Seller’s Remorse: Court Imposes Sanctions for Failure to Preserve ESI in Sale of Business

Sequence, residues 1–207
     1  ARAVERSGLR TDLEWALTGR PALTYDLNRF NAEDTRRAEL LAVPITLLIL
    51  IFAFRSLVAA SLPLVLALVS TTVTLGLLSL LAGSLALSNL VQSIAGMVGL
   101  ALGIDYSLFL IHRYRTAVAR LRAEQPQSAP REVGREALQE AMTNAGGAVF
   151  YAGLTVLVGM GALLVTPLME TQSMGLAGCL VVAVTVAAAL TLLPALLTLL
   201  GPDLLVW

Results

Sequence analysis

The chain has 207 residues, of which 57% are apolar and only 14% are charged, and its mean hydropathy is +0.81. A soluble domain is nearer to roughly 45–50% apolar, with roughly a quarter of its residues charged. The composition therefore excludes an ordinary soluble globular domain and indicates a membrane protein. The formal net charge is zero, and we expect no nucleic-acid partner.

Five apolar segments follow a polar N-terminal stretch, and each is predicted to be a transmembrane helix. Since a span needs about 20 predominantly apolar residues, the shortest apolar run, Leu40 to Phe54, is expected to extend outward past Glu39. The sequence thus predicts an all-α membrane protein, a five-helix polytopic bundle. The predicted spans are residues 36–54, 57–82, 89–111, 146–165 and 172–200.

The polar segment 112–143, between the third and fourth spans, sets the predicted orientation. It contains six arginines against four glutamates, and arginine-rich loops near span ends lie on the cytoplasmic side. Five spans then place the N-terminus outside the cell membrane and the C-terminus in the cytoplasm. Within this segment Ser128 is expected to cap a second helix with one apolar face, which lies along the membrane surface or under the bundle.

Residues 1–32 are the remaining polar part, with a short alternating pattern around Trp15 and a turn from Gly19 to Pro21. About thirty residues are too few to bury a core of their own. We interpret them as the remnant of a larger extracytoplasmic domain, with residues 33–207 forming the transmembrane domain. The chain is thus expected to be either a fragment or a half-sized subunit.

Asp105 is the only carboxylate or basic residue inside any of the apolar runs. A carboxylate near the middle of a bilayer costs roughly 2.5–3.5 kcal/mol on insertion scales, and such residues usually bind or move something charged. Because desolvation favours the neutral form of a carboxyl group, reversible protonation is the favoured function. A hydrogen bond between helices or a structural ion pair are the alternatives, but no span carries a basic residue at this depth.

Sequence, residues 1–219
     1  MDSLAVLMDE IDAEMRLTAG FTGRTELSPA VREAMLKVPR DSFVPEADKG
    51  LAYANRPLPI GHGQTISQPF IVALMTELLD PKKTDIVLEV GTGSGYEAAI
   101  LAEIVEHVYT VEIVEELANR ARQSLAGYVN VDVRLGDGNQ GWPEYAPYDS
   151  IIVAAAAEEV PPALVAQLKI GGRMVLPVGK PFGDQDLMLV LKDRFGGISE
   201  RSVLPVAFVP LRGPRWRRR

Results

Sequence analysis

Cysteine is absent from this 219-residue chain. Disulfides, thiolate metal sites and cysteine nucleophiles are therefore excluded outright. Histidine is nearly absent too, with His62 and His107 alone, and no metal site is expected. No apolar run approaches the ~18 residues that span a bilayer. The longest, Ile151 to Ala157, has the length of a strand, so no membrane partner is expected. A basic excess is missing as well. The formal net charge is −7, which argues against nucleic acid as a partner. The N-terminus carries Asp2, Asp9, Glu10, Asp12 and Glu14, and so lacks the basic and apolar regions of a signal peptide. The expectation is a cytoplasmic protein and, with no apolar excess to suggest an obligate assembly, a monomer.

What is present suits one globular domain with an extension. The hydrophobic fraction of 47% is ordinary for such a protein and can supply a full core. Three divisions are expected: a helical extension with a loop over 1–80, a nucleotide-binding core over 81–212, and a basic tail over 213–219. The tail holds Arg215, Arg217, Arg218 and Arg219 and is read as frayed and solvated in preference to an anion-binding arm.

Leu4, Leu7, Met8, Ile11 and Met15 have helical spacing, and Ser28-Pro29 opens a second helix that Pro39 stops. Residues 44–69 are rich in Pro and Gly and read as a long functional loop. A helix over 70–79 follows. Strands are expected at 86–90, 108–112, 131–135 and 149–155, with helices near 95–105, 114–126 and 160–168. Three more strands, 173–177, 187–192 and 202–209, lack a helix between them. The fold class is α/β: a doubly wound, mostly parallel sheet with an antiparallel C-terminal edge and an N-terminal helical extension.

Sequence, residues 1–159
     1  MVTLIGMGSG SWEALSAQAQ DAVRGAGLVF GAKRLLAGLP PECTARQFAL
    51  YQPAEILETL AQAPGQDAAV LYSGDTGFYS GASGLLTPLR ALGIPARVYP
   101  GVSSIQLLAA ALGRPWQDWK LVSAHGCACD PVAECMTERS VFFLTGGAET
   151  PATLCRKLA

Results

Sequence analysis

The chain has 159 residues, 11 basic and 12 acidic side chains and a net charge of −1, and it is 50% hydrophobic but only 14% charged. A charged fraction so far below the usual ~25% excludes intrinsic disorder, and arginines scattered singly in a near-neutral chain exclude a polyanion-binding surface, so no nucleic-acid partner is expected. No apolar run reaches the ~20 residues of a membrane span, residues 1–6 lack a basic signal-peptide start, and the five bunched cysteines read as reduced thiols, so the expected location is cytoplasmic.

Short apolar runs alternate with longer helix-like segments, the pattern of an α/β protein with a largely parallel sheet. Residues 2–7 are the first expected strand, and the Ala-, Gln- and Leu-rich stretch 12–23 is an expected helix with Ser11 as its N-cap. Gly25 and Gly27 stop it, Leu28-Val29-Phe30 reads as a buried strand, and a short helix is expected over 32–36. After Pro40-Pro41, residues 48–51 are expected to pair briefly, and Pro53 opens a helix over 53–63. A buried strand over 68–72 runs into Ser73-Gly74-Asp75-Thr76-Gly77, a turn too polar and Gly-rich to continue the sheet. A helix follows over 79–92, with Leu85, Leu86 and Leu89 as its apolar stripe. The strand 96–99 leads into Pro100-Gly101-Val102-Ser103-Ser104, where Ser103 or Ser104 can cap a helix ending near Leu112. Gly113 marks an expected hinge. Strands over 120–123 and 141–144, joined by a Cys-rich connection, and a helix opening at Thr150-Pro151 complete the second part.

ILWU-PMA Welfare Plan Bd. of Trs. v. Connecticut Gen. Life. Ins. Co., 2017 WL 345988 (N.D. Cal. Jan. 24, 2017) In this action for breach of duties under ERISA, the plaintiff moved the court for sanctions against the defendant, alleging spoliation of evidence. This action stems in part from a tolling agreement the parties signed in 2011 due to previous litigation. In 2012, the defendant’s parent company sold one of its three subsidiaries to a third party. Included in the transferred assets were email accounts and other electronically stored information (ESI) belonging to the defendant. Importantly, the purchase agreement obligated the buyer to “provide [the seller] reasonable access to business information of both parties as reasonably required for, among other things, litigation purposes.” The agreement also stipulated that each party would preserve the defendant’s information, and that for the first six years, neither party would destroy any of the subsidiary’s information without first providing the other party an opportunity to first obtain a copy. In February 2016, as part of the present dispute, the plaintiff requested production of ESI that included a portion of the records included in the sale. Despite the terms of the purchase agreement, the third party was unable to produce any of the defendant’s records dated prior to 2009. The defendant argued that sanctions were not warranted, as it could not have reasonably foreseen this action before that time. Further, the defendant argued that even if it could have foreseen litigation, the purchase agreement established that the defendant took reasonable steps to preserve. Turning to Rule 37(e), the court found that the defendant was put on notice of potential litigation in 2011 because of the terms of the tolling agreement and because the issues of the present suit related to the 2011 litigation. Additionally, the terms of the purchase agreement expressly stated that the defendant would have access to the transferred records “for litigation purposes.” The court was also troubled that the subsidiary sold by the parent company had possession of records of a completely separate subsidiary, and that the company did not bother to make copies of the records before transfer. The court held that even though the discovery process was still ongoing, “at least some prejudice” occurred, and that sanctions against the defendant were appropriate. The court ordered discovery reopened, that the defendant pay the reasonable costs for discovery, and that the defendant pay plaintiff’s costs for bringing this motion.